San Antonio De Los Cobres is a prefab Mad Max town, indigenous children
running beside the train as we pulled slowly through the station, beaming
smiles at lunching passengers. We didn’t stop – that’s reserved for the
return journey. Passing over the viaduct at the outskirts our guide (rugged
Pablo, a Salteño mountaineering man) told us a little of its history. A stop-over for mule trains to and from Peru it has survived as a railway town ever since. It has a secondary school, a number of small factories and several government buildings. From the viaduct it looked more like a settlement on Mars, tin roofs shining among red rocks, dust dancing through the deserted streets, small chimneys smoking in the distance. “How could anybody live here?” wondered a voice behind me.
With the help of 400 tourists and a train, was the answer. At La Polvorilla
Viaduct, the end of our line, we found half the town lined up against the
track. We passed over the viaduct, a spider’s web of steel, and slipped
slowly backwards at photo opportunity speed, coming to a halt beside the
indigenous townsfolk. Their hands were full of ponchos and scarves, stones carved into tiny houses, toy llamas, woven bags and hats. Many of them were children, cradling lambs and asking; “Photo?” or offering silver and yellow rocks for sale. Their clothes were ragged and dirty, their lips cracked, several walked without shoes. The rocky outcrop beside the viaduct became a bizarre blend of dark faces and pale tourists waving pesos and video cameras.
Most of our passengers were Argentine, travelling north for the winter holidays. I began to ask myself what sort of responsibility they felt they
had towards the quiet, shy sellers who lined the track, their countrymen and women. The sort that extends no further than the purchase of ponchos seemed to be the answer, as the passengers boarded the train loaded with llama goods. And what sort of responsibility did I have, climbing aboard empty handed? In a fit of guilt I bought ten lollipops from the buffet and handed them to the children nearest our carriage. The sort of responsibility that rots teeth?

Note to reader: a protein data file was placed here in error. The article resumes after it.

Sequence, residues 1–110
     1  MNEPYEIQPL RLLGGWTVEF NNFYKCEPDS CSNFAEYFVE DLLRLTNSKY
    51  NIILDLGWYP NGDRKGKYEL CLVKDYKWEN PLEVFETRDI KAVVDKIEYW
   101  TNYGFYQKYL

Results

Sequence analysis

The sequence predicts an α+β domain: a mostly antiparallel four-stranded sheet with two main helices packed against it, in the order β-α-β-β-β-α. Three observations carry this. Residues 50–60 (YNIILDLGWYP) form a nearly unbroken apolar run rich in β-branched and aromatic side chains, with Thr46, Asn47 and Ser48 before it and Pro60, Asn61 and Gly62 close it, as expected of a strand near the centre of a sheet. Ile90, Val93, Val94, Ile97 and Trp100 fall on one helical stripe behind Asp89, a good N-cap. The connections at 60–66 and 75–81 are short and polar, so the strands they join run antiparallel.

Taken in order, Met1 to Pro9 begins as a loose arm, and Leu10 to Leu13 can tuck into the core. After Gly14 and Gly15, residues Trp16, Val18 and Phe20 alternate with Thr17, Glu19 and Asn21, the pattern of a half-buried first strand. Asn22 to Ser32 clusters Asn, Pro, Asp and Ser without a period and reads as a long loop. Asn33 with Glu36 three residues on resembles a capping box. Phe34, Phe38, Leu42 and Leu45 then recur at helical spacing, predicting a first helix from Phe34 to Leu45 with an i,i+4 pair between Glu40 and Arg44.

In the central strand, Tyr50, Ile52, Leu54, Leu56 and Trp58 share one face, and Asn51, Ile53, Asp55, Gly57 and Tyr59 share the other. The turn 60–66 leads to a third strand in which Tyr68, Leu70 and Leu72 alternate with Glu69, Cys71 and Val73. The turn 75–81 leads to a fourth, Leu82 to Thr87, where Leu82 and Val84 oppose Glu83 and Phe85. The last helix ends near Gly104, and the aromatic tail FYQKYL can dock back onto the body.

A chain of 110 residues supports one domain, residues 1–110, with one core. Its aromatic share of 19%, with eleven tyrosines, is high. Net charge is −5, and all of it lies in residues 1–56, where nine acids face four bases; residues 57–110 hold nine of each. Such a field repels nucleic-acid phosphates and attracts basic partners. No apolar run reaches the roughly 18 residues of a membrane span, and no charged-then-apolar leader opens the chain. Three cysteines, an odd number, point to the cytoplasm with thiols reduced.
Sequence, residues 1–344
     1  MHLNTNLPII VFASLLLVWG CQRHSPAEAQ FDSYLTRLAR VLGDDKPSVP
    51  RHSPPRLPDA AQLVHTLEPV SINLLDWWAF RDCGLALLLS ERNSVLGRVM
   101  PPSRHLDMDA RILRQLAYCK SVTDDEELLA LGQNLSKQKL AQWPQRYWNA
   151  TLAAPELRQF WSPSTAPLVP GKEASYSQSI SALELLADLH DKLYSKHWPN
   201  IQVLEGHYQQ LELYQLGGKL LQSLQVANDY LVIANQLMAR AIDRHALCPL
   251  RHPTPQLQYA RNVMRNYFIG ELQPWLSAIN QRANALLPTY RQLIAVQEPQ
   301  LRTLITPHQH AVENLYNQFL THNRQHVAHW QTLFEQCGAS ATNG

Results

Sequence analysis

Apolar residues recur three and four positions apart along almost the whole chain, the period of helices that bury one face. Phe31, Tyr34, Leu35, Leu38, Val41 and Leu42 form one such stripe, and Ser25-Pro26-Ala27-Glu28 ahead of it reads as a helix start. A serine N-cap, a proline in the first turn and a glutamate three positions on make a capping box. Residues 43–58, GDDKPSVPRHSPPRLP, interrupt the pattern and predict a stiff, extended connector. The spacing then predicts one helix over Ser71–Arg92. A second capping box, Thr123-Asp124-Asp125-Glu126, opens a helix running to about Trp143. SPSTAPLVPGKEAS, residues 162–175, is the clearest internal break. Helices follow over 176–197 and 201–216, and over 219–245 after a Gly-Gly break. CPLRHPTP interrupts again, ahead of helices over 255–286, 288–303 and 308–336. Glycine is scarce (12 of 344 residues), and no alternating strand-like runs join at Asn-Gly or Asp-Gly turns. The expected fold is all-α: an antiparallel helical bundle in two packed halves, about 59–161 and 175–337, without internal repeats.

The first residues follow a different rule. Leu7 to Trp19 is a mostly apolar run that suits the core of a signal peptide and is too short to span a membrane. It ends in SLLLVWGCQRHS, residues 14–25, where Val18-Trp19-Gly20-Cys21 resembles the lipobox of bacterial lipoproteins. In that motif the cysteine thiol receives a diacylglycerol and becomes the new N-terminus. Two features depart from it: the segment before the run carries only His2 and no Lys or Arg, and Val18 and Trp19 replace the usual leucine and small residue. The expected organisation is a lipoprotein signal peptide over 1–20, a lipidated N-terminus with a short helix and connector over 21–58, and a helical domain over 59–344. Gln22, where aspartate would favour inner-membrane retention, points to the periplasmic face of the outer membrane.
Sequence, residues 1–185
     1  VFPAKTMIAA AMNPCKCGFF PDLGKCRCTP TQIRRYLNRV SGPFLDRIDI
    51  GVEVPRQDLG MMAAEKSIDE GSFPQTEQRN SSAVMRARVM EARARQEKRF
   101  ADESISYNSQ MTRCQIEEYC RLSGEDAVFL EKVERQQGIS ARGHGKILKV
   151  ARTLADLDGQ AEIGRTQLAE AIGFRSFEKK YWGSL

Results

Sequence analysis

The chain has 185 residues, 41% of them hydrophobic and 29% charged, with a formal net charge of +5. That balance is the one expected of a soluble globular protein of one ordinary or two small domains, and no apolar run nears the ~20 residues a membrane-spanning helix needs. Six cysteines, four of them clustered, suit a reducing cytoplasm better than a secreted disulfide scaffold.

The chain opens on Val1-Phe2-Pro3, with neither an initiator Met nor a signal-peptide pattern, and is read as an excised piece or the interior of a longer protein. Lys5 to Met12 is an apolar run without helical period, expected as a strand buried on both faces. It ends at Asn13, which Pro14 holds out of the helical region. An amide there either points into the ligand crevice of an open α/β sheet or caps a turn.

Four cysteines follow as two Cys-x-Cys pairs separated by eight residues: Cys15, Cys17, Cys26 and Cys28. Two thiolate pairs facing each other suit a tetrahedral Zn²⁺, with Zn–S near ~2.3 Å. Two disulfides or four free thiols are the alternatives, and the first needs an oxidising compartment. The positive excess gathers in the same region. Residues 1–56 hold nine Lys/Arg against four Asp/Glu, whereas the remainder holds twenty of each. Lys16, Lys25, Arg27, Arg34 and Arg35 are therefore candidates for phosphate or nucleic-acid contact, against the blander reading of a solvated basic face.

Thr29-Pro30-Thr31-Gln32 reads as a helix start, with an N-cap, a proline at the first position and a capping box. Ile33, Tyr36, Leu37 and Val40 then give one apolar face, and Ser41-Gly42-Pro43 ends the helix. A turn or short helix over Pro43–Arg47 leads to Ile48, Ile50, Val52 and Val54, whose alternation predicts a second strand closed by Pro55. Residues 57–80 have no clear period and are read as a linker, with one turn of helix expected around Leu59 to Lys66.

I slept on the way back to San Antonio, a crime among such stunning scenery, and woke to find the slim fingered woman shaking my shoulder. “You can’t sleep HERE!” she boomed. The platform was full with the other half of town, evidently hoping that there was one last poncho a passenger absolutely had to have. I bought more lollipops to salve my soul and retired back to my seat, but the landscape wouldn’t let me snooze. It was too stunning. A shadow spread over the magnificent mountains, as if a caretaker sun were slowly drawing a dark dust cloth over priceless heirlooms. Eventually the shutters were drawn as night fell, but any thoughts of a nap in my wide green seat were pan-piped into oblivion by three different Salta folklore bands, dancing into the carriage one after another. First came the guitar gauchos, next the classic cumbia drum, pipes, flute and mandolin group, and finally a tiny pony-tailed woman in Salteña scarlet poncho, banging a tight-skinned drum and wailing beautifully about drunken husbands, lost loves and mothers-in-law. Half an hour later we were pulling into Salta, towards the spot where our train killed a man that morning.
“What a lovely trip.”
“You’ve been the best guide.”
“Thank you so much for your attention today passengers.”
“So, who here’s from Cordoba? Hands up!”
“The band is still playing in the buffet.”
“Here’s my email. Stay in touch.”
A grand day out.